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Junior Leaders, Teddy Roosevelt, and Defense Entrepreneurs Forum


“Fortune indeed favors the prepared mind, but even fortune and the prepared mind needs a favorable environment before they conspire to produce sudden change.” –Elting Morison

In his book, Men, Machines, and Modern Times, Elting Morison tells the story of the development of the method of continuous-aim firing aboard Navy ships in the late 19th Century.  Before 1900, gunfire at sea was more of an individual art than a science due to the rolling nature of the ship.  One specific example cited, said that in 25 minutes 2 hits had been made at a vessel at 1600 yards. After the new method was implemented, a gunner could score 15 hits in 1 minute.  The technologies to make this possible were already developed, but it took a young innovative officer to combine them to make continuous-aim firing possible, and it took a group of young officers and a very senior leader to institutionalize it.

                For the sake of brevity, I will summarize the key events of this story.  Sir Percy Scott, a company-grade officer in the British Navy, came up with the idea of how to increase the effectiveness of his ship’s gunnery.  While stationed in the Pacific in 1900, he shared this idea with an American company-grade officer, William S. Sims.  The two were drawn together by their passion for the profession and their drive to make things better.  Once Sims experimented with the method and increased his gunnery scores, he in turn wanted to educate the entire Navy about this process.   Over the next several years, he battled the bureaucratic inertia of the Navy system to get his idea institutionalized. At first he was ignored, then he was rebutted with illogical claims, and lastly accused of falsifying evidence.  Finally, fed up with the process, Sims wrote the President of the United States, Teddy Roosevelt. He informed the President of the remarkable records of Scott’s ships, the inadequacy of the current gunnery methods, and the refusal of the Department of the Navy to act.  What did Roosevelt do? He assigned Sims as Inspector of Target Practice for the Navy.  During the six years that Sims held that assignment he earned the reputation as “the man who taught us how to shoot.”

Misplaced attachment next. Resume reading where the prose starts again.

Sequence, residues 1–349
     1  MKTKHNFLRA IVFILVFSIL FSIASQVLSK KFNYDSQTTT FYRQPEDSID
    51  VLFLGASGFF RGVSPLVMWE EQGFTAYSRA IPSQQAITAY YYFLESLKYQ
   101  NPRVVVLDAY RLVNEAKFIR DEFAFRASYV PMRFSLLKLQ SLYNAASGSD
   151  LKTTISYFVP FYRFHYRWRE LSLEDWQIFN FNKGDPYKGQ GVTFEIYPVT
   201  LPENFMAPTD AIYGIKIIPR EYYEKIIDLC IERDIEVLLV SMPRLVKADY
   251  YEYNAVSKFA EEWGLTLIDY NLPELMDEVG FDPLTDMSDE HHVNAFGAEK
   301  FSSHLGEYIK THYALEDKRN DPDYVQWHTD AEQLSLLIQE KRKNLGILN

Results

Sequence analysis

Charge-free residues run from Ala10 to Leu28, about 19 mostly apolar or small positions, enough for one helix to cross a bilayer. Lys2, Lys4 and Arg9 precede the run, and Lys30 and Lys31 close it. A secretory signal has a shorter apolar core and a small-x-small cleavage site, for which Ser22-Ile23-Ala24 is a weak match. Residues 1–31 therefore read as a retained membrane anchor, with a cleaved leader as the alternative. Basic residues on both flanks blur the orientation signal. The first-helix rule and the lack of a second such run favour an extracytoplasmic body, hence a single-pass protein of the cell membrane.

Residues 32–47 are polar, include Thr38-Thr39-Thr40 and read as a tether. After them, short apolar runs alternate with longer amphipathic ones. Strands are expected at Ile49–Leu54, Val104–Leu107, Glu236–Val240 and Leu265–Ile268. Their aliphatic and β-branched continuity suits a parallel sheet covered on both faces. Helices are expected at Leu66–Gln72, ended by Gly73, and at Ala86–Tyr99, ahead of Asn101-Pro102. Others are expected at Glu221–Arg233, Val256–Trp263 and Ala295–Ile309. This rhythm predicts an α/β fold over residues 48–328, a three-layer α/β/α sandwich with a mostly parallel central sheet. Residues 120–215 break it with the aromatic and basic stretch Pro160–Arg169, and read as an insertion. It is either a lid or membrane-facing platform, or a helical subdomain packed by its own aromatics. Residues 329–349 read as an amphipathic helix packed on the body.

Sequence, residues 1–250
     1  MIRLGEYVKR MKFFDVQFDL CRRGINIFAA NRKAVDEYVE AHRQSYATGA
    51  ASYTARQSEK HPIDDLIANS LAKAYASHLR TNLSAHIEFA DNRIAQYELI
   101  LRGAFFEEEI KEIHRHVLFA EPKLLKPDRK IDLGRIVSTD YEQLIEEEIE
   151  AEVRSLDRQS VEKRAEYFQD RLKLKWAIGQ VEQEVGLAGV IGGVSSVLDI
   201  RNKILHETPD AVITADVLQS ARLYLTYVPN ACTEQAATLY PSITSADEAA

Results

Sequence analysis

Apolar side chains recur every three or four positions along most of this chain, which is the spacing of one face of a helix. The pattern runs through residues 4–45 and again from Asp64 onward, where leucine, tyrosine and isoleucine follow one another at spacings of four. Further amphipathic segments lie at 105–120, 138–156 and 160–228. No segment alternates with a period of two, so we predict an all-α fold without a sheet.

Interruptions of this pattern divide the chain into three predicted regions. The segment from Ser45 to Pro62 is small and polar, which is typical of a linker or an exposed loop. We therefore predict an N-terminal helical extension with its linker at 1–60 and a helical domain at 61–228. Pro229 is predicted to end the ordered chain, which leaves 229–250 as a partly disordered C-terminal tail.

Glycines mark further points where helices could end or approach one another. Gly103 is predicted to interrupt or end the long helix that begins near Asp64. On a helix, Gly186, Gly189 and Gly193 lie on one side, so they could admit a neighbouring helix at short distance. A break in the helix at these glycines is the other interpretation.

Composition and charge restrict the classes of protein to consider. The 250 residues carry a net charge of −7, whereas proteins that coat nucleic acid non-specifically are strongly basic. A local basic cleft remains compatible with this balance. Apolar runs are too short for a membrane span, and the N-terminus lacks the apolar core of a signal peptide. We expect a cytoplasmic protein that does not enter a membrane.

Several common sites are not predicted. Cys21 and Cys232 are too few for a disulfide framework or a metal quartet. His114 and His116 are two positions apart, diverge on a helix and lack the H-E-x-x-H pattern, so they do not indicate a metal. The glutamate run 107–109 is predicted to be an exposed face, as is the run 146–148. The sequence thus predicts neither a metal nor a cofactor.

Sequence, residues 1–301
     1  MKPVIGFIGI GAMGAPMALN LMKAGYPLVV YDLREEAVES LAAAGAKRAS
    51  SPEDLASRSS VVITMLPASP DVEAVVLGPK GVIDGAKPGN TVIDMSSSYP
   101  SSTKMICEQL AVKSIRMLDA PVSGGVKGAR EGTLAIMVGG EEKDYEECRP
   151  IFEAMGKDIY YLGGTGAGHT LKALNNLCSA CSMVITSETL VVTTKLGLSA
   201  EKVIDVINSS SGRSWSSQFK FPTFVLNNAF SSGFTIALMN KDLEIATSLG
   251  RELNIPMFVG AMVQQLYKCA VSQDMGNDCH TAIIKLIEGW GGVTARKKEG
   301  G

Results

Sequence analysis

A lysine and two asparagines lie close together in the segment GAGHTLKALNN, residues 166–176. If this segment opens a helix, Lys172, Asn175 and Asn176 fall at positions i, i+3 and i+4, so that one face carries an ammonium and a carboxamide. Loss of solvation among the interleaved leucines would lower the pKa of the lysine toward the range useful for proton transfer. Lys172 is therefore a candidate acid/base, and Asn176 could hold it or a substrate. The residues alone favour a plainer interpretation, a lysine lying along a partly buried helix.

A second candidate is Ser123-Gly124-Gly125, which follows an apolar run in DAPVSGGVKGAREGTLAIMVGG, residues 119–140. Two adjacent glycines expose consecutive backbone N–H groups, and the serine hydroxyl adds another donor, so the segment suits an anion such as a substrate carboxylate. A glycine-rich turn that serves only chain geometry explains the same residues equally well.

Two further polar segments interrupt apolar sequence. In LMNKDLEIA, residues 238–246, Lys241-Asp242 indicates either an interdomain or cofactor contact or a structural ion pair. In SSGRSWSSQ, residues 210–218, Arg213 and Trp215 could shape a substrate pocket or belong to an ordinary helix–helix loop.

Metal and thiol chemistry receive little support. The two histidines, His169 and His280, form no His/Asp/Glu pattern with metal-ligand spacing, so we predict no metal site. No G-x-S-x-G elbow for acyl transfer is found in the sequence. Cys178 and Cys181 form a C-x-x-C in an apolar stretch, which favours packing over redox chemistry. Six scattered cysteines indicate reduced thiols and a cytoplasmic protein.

When I read this story, I thought of the powerful potential of DEF 2013.  DEF provides the favorable environment required to bring about sudden change.  This event is an opportunity for young emerging leaders to bring their various methods of continuous-aimed firing (mine is leader development and education) to the table.  This is also a great opportunity for senior leaders to cut-through the bureaucracy, like Teddy Roosevelt, and affect change.  I’m looking forward to meeting other Scotts and Sims and sharing innovative ideas that will contribute to the advancement of our military profession.


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